These 10 travel must-haves are made from recycled materials | News Coverage from USA

These 10 travel must-haves are made from recycled materials

One of the easiest – and trendiest – ways to look good, feel good and do good is by carrying along travel products that used to be something else.

Upcycling has become the new multi-tasking, with old, retired items being creatively transformed into something that gives them a second life.

Here are 10 eco-friendly companies that should become your go-tos (and go-withs) when you travel.


These shoes are made from plastic water bottlesThese shoes are made from plastic water bottles — Photo courtesy of Rothy’s

These game-changing flats are so stylish, they would be conversation pieces even if they weren’t made from recycled plastic. But, luckily for the planet, they are, which means they’ve already saved more than 26 million bottles from landfills.

Because they’re also machine washable (yes, really!) and flexible enough to squish into a carry-on, they’re perfect travel companions. And they are so comfortable, they’ll keep you on solid ground, no matter where your feet take them.

Hoist Away Bags

These bags are made from old sailsThese bags are made from old sails — Photo courtesy of Hoist Away Bags

Created in coastal Maine, these great-looking bags are made from authentic, retired sails, so you know they’ll weather any storm. Not only does Hoist Away repurpose the sails themselves but they preserve nautical history by stitching a piece of the vessel’s legacy inside every item.

Lightweight, washable and basically indestructible, these totes, dopp kits, wallets and messenger bags naturally incorporate elements of the original sail – the fabric, hanks, trim – into each piece. Talk about getting a second wind.


The soles of these shoes are made from old tiresThe soles of these shoes are made from old tires — Photo courtesy of soleRebels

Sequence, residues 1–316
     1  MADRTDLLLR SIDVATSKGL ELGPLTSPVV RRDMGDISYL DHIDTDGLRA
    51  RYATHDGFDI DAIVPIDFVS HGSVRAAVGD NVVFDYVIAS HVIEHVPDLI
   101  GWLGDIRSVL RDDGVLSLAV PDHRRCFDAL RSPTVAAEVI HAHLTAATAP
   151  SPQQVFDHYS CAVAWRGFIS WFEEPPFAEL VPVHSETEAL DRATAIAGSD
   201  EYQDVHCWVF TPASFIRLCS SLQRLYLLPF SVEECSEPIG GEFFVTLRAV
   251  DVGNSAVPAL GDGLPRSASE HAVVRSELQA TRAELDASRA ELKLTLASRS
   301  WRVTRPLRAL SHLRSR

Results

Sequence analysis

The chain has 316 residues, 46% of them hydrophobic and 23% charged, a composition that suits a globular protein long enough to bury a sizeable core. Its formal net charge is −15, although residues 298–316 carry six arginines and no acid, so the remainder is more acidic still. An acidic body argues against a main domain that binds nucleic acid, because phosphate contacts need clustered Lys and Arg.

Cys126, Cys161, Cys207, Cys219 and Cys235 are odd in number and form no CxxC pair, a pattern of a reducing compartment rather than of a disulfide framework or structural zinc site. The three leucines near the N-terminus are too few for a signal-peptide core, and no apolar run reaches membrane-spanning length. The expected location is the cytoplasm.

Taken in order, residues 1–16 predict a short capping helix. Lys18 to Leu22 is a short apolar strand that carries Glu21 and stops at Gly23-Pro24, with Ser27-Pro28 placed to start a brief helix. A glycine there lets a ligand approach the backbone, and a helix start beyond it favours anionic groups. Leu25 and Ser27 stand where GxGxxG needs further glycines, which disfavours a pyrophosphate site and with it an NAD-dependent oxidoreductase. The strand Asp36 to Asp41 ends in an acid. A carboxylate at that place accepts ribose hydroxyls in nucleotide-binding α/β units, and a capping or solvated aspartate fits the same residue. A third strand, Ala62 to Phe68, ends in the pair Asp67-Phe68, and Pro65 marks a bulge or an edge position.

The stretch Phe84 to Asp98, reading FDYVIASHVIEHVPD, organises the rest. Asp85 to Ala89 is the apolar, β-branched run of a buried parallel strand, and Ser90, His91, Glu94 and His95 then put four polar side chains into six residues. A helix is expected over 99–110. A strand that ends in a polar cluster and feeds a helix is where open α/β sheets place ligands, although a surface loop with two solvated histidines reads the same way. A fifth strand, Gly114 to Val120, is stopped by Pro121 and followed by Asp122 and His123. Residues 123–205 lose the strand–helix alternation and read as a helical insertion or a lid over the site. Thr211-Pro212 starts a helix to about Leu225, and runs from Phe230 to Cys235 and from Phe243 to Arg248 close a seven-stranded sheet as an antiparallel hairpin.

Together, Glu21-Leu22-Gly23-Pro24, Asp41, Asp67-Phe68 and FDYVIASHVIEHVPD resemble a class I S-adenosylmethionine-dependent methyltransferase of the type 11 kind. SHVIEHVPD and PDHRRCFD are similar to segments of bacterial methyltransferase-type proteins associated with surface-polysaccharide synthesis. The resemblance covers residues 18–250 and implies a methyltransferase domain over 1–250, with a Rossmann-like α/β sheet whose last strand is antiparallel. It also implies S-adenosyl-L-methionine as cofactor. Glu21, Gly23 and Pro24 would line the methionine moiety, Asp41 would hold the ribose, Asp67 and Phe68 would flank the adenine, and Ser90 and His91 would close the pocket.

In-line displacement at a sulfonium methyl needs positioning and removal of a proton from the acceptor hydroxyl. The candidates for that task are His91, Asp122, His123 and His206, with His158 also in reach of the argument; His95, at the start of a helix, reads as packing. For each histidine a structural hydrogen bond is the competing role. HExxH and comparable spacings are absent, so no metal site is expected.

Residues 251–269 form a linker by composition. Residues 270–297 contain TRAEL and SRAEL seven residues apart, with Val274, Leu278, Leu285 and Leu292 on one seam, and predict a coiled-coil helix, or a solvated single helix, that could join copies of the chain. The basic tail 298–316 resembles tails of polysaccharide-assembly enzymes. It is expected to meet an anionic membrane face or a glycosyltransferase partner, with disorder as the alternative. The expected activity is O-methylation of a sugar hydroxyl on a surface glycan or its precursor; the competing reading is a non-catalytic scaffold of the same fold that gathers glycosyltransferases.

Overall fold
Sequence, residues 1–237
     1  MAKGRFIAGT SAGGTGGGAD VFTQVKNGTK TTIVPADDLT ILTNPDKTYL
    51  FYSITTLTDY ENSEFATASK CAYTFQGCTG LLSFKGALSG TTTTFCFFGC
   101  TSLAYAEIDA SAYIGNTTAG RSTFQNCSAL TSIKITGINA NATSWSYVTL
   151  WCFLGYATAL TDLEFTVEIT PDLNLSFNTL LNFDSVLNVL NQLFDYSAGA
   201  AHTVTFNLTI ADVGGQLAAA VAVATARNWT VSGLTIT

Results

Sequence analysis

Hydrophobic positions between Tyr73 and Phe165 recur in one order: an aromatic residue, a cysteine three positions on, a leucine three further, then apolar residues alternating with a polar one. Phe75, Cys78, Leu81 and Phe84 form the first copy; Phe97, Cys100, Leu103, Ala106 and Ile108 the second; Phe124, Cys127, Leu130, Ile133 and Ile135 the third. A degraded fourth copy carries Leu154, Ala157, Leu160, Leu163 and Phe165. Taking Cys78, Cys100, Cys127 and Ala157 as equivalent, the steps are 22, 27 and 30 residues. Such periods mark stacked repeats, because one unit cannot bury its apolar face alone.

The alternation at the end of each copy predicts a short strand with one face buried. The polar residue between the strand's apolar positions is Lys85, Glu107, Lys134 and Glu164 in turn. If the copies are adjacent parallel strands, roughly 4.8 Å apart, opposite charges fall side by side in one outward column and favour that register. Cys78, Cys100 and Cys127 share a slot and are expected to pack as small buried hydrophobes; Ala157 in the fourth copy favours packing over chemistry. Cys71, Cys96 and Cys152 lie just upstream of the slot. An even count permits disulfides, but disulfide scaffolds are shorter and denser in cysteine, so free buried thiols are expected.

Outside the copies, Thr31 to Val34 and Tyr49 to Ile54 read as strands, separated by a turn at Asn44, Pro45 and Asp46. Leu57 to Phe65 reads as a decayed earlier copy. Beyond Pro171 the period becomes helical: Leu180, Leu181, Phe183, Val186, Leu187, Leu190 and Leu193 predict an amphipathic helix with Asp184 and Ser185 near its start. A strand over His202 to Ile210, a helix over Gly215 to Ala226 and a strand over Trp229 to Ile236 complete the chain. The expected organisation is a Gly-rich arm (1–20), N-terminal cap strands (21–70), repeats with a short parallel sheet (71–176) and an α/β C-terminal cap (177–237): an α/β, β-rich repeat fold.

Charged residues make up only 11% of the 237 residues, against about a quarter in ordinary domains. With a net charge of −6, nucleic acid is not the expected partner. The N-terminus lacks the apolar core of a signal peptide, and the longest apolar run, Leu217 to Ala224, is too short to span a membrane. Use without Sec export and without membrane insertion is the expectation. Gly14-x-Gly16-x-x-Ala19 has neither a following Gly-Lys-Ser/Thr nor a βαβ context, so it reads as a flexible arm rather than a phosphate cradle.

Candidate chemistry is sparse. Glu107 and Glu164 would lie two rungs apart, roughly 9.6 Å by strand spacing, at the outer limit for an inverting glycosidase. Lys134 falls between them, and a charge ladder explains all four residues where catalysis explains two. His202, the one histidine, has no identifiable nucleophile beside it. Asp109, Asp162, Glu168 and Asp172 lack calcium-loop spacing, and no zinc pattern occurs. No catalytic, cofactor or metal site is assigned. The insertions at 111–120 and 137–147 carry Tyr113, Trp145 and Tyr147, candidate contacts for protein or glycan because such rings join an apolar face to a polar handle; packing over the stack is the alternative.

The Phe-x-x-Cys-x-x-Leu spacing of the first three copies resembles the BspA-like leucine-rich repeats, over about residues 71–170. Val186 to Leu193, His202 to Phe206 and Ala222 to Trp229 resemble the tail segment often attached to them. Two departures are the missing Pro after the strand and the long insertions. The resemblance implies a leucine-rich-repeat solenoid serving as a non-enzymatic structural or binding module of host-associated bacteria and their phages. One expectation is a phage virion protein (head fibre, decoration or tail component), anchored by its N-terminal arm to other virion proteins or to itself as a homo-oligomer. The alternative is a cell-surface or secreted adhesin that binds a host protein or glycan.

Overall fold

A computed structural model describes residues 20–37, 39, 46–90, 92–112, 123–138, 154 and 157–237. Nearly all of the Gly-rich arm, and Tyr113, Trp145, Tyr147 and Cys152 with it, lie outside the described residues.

You’ll be attracted to these shoes because of their looks but you’ll fall in love with them because of their sole – and their soul. Handcrafted in Ethiopia, soleRebels uses recycled tires for soles and inner tubes for laces. They’ve reinvented the whole idea of footwear and sustainability by supporting the local community along with their customers’ feet.

Because these are likely to become your favorite shoes, do yourself a favor and, just like you’d do with the tires they’re made from, make sure to buy a spare.


This leather bag from Looptworks was once a Southwest Airlines seat coverThis leather bag from Looptworks was once a Southwest Airlines seat cover — Photo courtesy of Looptworks

This innovative company is all about transforming excess textiles into fashionable new accessories, and they’ve partnered with some of the country’s top airlines to create exciting travel products.

There are bags made from retired Delta uniforms and seat covers from Southwest and Alaska Airlines. Wear yours proudly on your next flight and don’t be surprised when you get an upgrade.


This handbag is made from pop topsThis handbag is made from pop tops — Photo courtesy of Cosas

No wonder this bag pops – it’s made from pop tops!